All about fitness and personalization:
For the last couple of years, Apple’s had a clear purpose for each iteration of watchOS. For instance, watchOS 7 introduced several features to make pandemic living easier. watchOS 8 focused on giving people tools to chill out and adding features that make use of the Series 7’s larger screen. That trend continues with watchOS 9, which is available starting today via the public beta. This time around, Apple is zeroing in on a more expansive fitness experience, with a dash of personalization.
watchOS 9 introduces several new running metrics and workout views. You can now get insight into your running form, stride length, ground contact time, and for the first time ever, heart rate zones. Apple’s also added support for triathletes as well as the ability to create custom workouts. And that’s just the tip of the iceberg.
After spending a few weeks with the developer beta, it’s easy to see why the rumor mill is buzzing about a rugged version of the Apple Watch Series 8. While the Apple Watch has always been a great casual fitness tracker, the updates in watchOS 9 allow it to compete — at least in terms of data — with actual sports watches from Garmin and Polar. All in all, this is the most substantive and cohesive update to watchOS that we’ve seen in a while. Let’s just say it wouldn’t be surprising to see a major shakeup to the Apple Watch line this fall.
With each iteration of watchOS, Apple usually adds new activities to its Workout app or improves existing ones. However, the new running updates are the most significant overhaul to any one activity in… the entire history of the Apple Watch.
In addition to the aforementioned new metrics, you’ll also have access to new workout views that showcase elevation charts, heart rate zones, and other helpful data like time spent in specific zones. Heart rate zones have been a core metric in the most popular fitness apps and wearables for a very long time now, so it’s not as if this is revolutionary. However, they’ve been a glaring omission on the Apple Watch, and fixing that makes the Workout app a more attractive option for fitness buffs.
As an avid runner with a penchant for data, I use heart rate zones in my training to gauge the intensity level of certain segments or intervals. Before watchOS 9, that meant I’d either have to use a third-party app that did include that data or memorize what my five zones were. Not having to do that was liberating.
Switching between views mid-run came in clutch while training for a 10K, but Apple is still playing catch-up here — it’s not fun swiping on a touchscreen with sweaty fingers or scrolling the digital crown mid-stride, which makes it easy to accidentally fly past the view you actually wanted. (Third-party running apps like Strava on the Apple Watch, which also require you to swipe and tap to navigate screens, have the same problem.) It’s less intuitive than the physical button navigation you find on multisport watches.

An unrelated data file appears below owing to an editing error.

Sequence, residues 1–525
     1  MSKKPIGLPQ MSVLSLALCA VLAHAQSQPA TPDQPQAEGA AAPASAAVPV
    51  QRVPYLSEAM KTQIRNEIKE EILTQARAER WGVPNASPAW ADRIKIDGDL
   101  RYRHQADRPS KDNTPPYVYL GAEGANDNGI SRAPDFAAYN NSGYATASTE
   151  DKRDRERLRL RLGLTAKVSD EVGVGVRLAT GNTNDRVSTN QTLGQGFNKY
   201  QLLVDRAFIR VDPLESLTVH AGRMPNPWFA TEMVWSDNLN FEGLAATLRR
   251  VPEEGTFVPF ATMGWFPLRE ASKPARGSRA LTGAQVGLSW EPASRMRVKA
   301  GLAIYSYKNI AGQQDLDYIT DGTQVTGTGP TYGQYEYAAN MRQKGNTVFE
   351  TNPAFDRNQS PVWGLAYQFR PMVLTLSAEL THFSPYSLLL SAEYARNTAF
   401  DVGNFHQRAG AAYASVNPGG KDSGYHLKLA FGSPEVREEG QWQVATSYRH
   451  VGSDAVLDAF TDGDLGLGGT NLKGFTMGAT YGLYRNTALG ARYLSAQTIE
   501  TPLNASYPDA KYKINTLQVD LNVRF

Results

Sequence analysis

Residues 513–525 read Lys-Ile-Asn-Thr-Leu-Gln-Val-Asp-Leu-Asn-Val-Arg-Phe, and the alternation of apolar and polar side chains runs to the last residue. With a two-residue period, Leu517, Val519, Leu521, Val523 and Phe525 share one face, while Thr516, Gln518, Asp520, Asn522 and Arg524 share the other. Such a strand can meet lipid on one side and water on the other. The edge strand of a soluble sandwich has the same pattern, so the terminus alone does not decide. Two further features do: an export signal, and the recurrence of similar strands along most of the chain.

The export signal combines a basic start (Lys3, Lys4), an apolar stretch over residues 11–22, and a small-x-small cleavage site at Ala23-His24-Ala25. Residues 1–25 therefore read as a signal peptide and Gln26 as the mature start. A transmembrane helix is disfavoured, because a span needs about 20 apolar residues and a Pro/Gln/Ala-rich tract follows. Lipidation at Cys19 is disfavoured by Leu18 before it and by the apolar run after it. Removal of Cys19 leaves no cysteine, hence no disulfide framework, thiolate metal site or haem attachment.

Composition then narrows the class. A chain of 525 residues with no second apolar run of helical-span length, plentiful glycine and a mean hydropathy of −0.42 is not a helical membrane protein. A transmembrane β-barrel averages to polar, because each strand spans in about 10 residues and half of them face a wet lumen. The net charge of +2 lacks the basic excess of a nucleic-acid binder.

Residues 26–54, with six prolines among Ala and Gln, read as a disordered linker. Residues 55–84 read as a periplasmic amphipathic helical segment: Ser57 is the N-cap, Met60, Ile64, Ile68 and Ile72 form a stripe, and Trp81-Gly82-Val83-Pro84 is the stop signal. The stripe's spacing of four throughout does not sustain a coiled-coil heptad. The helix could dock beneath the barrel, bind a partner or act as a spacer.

Also, watchOS 9 changes how you edit workout views. Now, you can tap the ellipses on a workout type and customize views to your heart’s content. Thing is, I preferred when you could do this within the Watch app, which is no longer an option. Being able to edit on the Apple Watch is great for standalone functionality, but it’s more time-consuming to do this on a smaller display, especially if (like me) you have poor vision. Having multiple editing options would’ve been helpful. I’m not sure why Apple removed editing views from the Watch app, as it seems like you should be able to do it on either platform.
Though it’s still tedious, I was less fazed creating custom workouts because there are good presets if you’re feeling lazy. You have multiple options here, which make this suitable for all kinds of runners. It opens up the possibility of using training programs from non-digital sources. However, I’m not convinced that many people would go through the extra hassle since many third-party running apps already have their own built-in custom training plans.
On a more humbling note, I enjoyed challenging myself to race my times on previously run routes. I failed miserably more than once, but it’s good for the ego to get your butt kicked from time to time.
I could go on about every little update, but here’s the TL;DR: these expanded running features are a net positive, long overdue, allow for greater insight into your progress, and position the Apple Watch to compete more seriously with established players like Garmin and Polar.